Not ready to slow down, 2017 keeps on truckin’. Game releases are finally slowing down a bit now that we’re halfway through May, but that barely gives a breather from everything else we’re all still catching up with from earlier this year. Persona 5 seems like one I’ll be trying to finish for a good long while, and Battlegrounds is one I’ll continue to play and watch every good stream of. With The Surge and Rime right around the corner, let’s take care of last month’s unfinished business.
1. Persona 5
I’m about 30 hours into this one, and just finished the second major “Chapter” for lack of a better term. I have a feeling that if I ever finish this, it’s not gonna be anytime soon. Though I don’t think the writing is nearly as good as Persona 4’s, I’m still having a lot of fun with it. Despite some early story issues, a few of them have already ironed themselves out. Fair warning, this isn’t a game that you’re going to be able to recommend without several caveats, maybe even moreso than Persona 4 this time. The writing often feels awkward and mistranslated, the only woman character in the group so far is treated like a sex-object more often than not, and the main conceit of the story (focusing more on the villains than the protagonists) means that we get to know the characters less than we would have in Persona 4. Even though we’re stuck with more issues than I was hoping for, I’m still enjoying my time with it and am excited to meet new characters as the story goes on. I hear that some of my issues are touched on the further I get, so I’m hoping that happens sooner rather than later. The dungeons are fantastic though, and are a necessary improvement that should have been made before the fifth game in this series. As it stands 30 hours in, Persona 5 plays better than any Persona game to come before, and I’m hoping the story and characters can catch up.
2. Little Nightmares
Little Nightmares isn’t made by Playdead, but if I hadn’t known that ahead of time I’d have probably assumed it was. Sitting easily along Limbo and Inside, Tarsier Studios nailed the style they so obviously were aiming for. You play a small child in a raincoat making her way through a series of terrible, malicious environments. It’s dark, tense, and I kind of already want to play through it again. Clocking in at roughly three hours, you have no excuse to skip this one if you’re interested in this kind of platformer.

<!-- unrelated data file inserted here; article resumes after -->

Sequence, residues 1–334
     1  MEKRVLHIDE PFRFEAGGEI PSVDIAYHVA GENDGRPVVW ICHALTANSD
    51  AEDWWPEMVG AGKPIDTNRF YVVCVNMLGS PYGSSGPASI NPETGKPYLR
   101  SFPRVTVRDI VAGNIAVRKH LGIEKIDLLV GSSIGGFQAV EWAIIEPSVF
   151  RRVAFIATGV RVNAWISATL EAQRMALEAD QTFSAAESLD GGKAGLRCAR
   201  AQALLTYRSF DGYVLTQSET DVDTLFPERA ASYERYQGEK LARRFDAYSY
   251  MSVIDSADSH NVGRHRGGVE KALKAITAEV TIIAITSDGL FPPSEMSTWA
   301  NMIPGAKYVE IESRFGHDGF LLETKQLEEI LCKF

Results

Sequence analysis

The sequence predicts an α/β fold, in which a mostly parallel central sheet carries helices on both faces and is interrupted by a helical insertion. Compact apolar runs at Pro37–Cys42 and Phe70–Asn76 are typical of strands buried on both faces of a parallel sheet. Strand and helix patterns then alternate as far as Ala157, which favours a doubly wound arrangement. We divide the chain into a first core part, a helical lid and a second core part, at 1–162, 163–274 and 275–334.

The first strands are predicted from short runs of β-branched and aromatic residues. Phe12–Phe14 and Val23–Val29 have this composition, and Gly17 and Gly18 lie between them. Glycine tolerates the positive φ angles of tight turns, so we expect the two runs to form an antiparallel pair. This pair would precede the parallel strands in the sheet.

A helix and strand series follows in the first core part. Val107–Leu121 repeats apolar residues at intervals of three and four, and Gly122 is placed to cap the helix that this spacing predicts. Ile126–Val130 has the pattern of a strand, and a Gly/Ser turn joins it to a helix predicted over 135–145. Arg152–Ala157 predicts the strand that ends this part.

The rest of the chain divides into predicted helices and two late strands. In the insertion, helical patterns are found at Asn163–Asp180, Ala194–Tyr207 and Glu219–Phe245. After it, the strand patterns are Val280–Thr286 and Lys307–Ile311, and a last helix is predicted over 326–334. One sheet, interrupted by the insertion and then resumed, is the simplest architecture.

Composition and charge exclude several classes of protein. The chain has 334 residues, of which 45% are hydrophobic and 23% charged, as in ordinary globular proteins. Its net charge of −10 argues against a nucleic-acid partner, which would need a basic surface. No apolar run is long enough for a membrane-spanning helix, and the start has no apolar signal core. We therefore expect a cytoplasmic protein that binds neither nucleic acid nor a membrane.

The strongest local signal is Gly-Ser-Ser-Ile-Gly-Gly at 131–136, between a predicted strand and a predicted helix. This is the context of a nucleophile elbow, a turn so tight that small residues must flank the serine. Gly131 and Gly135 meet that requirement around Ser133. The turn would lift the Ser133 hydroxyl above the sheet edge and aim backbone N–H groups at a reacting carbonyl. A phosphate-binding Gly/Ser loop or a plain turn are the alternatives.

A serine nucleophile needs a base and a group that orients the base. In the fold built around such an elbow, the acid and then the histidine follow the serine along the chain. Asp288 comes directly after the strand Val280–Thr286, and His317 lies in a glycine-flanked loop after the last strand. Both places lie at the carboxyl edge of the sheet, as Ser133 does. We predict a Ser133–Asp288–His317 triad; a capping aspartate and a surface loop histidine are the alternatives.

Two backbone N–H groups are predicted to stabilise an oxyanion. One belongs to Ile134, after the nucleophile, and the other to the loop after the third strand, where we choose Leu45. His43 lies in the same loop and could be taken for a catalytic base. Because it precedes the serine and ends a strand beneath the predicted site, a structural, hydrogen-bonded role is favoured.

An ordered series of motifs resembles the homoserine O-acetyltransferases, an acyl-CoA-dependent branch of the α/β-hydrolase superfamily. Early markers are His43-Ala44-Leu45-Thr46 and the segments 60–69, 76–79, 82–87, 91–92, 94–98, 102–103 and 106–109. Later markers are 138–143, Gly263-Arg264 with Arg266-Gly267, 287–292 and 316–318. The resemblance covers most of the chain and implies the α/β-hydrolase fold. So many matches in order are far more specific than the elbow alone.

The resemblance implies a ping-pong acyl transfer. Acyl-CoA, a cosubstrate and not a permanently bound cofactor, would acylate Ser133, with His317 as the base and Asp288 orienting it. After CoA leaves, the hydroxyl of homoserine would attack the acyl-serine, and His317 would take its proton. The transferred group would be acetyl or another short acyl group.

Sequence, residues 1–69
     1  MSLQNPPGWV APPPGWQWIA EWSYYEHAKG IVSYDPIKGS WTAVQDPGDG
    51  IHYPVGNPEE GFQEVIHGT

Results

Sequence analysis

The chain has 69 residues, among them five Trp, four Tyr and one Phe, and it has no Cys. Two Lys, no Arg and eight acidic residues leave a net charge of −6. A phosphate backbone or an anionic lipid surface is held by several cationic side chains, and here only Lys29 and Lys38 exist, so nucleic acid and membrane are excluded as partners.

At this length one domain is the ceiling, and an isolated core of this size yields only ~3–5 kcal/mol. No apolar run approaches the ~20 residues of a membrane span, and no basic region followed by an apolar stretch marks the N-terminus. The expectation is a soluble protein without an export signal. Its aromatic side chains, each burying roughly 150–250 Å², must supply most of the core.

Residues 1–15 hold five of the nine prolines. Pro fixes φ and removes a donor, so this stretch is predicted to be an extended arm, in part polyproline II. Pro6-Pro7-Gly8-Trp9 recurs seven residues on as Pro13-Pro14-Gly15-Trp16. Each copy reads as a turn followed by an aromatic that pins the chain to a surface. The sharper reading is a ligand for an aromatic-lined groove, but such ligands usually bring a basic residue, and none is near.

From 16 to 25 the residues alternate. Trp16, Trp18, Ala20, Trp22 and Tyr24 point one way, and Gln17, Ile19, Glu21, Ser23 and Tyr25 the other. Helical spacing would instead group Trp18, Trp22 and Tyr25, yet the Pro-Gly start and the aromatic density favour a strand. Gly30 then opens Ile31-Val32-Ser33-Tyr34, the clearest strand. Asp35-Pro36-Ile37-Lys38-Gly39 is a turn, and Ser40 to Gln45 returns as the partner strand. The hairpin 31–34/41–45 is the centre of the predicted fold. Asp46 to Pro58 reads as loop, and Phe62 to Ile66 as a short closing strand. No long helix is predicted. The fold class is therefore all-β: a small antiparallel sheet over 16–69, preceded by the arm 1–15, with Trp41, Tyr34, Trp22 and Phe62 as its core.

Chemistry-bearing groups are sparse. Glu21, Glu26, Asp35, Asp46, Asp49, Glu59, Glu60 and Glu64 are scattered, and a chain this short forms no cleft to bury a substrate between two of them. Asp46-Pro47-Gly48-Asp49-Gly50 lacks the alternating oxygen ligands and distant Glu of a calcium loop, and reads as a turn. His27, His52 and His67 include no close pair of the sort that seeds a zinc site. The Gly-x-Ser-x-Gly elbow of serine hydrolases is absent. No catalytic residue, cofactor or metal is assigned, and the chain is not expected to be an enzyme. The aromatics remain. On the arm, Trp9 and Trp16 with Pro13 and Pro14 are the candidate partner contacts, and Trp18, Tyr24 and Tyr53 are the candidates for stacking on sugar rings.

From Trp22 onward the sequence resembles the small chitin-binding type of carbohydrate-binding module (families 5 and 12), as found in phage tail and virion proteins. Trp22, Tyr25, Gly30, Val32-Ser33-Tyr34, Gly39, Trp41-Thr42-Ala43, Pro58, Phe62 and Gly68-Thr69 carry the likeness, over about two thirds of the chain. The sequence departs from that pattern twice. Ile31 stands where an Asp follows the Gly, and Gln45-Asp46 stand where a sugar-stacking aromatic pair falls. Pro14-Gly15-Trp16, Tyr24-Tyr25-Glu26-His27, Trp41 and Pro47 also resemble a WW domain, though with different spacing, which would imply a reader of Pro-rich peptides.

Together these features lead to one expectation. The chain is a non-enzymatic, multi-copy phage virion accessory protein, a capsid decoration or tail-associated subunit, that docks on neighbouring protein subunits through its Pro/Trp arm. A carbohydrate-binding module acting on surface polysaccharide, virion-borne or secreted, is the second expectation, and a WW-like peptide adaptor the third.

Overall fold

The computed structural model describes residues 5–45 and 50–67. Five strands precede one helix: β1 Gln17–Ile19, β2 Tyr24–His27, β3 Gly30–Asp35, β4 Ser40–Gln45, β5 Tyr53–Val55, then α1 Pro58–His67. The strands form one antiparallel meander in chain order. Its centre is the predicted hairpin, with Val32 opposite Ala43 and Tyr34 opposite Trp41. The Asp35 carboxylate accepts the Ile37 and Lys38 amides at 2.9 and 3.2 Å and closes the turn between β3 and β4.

3. What Remains of Edith Finch
Following in the footsteps of Gone Home, the creators of The Unfinished Swan have crafted a short story about a girl returning to her childhood home. Where the similarities end, though, are when you explore the rooms of the family you used to know and the ones you’d only heard stories of. Once you find their quarters, you’re whisked away to take control of them in their final moments before they passed away see those moments through their eyes. What Remains of Edith Finch is essentially an anthology told inside the trappings of the now well-worn “Walking Simulator” genre that I tend to enjoy so much. If those kinds of things scare you away this one probably isn’t for you, but for everyone else, this is a very solid entry in that genre. It didn’t resonate with me as much as Gone Home or The Beginner’s Guide, but by the end I felt like I had finished reading a nice short story. Sometimes just being pleasant and good is good enough.
Mario Kart 8 Deluxe – The best version of the best Marion Kart game, and another reason the Switch is potentially the coolest video game system of all time.
Banana Boy – A weird arcade thing that you’ll play for about ten minutes and probably remember forever.
Yooka-Laylee – A game that had a lot of potential and lives up to about 40% of it. If you’re desperate for the return of Banjo… I mean, I guess this is an option.